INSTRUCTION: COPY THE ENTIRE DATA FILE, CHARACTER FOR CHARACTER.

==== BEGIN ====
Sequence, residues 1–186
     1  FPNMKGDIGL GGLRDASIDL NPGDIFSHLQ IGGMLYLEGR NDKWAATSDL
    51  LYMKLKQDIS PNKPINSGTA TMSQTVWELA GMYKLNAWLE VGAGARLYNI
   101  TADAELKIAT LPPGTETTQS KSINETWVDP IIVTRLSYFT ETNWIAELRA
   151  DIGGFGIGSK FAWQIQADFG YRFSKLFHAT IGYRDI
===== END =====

Sequence, residues 1–186
     1  FPNMKGDIGL GGLRDASIDL NPGDIFSHLQ IGGMLYLEGR NDKWAATSDL
    51  LYMKLKQDIS PNKPINSGTA TMSQTVWELA GMYKLNAWLE VGAGARLYNI
   101  TADAELKIAT LPPGTETTQS KSINETWVDP IIVTRLSYFT ETNWIAELRA
   151  DIGGFGIGSK FAWQIQADFG YRFSKLFHAT IGYRDI